TOKYO -- Toyobo will spend some 10 billion yen ($85.1 million) to double production capacity for air bag fabrics over the four years starting in fiscal 2017, responding to growing demand.
It intends to build a manufacturing facility by fiscal 2020 at a local plant of German thread maker PHP, in which the Japanese company has invested with Thailand textile giant Indorama Ventures. In the U.S., Toyobo will double capacity in fiscal 2017 by adding equipment that turns nylon thread into air bag fabrics and resin-coating machines that strengthen the fabrics at a plant in the state of Alabama.
More equipment will also be added in Japan's Fukui Prefecture, Thailand and China, nearly doubling capacity at each facility. By doubling capacity at its five bases of Japan, the U.S., Europe, China and Thailand, Toyobo aims to double sales from the 10 billion yen logged in fiscal 2015.
Toyobo sells air bag fabrics primarily to Japanese automakers. Because it supplies both thread and fabrics, automakers can quickly pinpoint the cause of problems that arise. Given Takata's recall woes, competing air bag manufacturers seek to increase deliveries and boost market share. Toyobo intends to increase fabric supplies to such producers.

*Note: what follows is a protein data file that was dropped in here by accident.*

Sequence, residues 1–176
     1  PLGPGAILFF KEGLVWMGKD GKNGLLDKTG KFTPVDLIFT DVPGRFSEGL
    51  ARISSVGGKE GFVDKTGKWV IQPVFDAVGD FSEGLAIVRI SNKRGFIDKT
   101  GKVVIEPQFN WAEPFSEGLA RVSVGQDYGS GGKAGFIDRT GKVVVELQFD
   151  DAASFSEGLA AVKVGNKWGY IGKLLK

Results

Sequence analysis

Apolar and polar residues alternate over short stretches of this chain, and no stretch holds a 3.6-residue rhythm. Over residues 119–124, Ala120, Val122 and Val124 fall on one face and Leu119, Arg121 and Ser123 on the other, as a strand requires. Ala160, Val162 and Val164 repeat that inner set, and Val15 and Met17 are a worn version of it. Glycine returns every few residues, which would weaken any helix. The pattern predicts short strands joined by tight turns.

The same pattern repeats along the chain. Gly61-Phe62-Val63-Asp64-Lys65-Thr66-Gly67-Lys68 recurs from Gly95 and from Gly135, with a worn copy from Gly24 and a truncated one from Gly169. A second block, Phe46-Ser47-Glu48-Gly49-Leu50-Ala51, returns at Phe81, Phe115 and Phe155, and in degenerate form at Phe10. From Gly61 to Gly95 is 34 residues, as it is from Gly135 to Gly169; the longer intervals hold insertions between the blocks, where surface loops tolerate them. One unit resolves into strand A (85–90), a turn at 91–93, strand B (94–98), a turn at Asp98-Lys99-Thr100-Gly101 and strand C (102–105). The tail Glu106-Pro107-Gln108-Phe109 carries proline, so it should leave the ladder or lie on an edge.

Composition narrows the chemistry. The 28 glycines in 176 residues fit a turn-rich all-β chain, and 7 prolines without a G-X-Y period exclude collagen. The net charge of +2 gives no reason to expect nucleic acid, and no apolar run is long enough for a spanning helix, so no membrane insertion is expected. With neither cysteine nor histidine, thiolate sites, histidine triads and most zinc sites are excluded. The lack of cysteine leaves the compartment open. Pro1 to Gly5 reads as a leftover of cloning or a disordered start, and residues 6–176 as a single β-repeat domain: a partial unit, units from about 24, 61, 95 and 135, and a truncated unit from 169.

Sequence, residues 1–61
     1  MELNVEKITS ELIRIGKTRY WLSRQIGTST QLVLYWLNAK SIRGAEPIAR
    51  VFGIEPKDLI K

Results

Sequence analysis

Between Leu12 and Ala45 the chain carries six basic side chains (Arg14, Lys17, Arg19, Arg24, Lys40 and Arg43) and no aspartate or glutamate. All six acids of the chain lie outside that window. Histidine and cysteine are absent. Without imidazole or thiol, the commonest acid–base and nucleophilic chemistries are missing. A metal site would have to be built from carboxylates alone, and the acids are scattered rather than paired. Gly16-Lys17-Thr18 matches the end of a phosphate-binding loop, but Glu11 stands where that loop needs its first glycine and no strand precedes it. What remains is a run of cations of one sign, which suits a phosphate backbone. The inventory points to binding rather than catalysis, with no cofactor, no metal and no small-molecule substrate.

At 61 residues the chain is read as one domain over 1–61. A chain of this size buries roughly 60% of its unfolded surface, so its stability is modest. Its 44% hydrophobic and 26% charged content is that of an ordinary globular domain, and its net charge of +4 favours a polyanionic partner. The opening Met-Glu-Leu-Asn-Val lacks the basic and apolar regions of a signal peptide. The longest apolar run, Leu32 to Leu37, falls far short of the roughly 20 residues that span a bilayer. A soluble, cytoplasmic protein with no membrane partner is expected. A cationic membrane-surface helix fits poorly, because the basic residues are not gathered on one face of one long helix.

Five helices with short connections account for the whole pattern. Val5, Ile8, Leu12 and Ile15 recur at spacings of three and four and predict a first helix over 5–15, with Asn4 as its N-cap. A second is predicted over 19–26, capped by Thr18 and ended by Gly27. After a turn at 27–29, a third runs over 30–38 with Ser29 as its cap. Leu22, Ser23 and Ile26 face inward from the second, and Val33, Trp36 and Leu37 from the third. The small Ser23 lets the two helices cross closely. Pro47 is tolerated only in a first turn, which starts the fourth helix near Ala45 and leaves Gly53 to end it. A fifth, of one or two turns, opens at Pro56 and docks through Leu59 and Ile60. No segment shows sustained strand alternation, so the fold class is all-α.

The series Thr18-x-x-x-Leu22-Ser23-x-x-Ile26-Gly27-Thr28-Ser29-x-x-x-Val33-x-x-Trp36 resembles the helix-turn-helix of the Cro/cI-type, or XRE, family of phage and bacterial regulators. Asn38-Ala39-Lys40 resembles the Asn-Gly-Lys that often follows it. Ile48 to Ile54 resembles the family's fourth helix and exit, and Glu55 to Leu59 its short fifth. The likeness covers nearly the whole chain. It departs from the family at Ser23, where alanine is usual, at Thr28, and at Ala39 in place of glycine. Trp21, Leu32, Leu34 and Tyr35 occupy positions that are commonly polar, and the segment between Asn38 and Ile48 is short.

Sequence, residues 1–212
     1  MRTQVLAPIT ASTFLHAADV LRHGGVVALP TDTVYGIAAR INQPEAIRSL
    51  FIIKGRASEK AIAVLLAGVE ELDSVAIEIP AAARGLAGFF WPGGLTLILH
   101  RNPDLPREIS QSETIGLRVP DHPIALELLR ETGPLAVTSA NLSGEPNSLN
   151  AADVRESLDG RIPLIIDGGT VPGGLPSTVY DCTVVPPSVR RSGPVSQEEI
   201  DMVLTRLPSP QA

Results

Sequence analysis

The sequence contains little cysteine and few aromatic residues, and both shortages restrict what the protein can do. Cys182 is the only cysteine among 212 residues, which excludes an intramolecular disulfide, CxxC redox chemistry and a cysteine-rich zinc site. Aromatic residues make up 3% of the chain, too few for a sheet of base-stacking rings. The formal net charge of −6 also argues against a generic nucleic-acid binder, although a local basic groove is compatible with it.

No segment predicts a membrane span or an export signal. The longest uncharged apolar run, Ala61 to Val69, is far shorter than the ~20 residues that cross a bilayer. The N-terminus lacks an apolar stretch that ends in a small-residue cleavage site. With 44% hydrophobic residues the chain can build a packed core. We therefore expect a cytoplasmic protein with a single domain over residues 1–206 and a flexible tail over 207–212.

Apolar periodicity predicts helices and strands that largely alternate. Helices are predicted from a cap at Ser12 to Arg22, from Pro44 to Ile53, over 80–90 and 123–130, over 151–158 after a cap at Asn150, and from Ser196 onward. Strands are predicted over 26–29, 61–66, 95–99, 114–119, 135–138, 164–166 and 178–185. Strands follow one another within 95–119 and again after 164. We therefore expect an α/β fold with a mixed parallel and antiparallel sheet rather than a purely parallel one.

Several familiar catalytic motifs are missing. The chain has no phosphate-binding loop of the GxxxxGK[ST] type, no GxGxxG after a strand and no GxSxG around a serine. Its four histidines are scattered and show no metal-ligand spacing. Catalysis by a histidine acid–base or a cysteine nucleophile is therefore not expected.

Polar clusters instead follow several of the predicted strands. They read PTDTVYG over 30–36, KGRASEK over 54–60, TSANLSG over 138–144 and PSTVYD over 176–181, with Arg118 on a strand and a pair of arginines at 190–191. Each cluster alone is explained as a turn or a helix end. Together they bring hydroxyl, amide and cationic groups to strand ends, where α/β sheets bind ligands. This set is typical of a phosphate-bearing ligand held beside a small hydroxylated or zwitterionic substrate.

Around three-quarters of automobiles on the road globally had front air bags as of 2011, according to the Yano Research Institute. Many automakers are including them to get into the good graces of traffic authorities, particularly in emerging countries. Textile companies are accordingly rushing to boost fabric production. The Takata recalls have also lifted replacement demand.
Toray Industries is investing 10 billion yen to put a new Mexican plant into service in fiscal 2018. Asahi Kasei is upgrading facilities in Miyazaki Prefecture and will increase thread output capacity 10% in fiscal 2018.
The global market for automotive air bags is projected to grow at an 8% annual clip and reach $29.7 billion in 2020, according to Transparency Market Research. Toyobo is the world leader in fabric thread, with a 40% share, but Toray leads in air bag fabrics.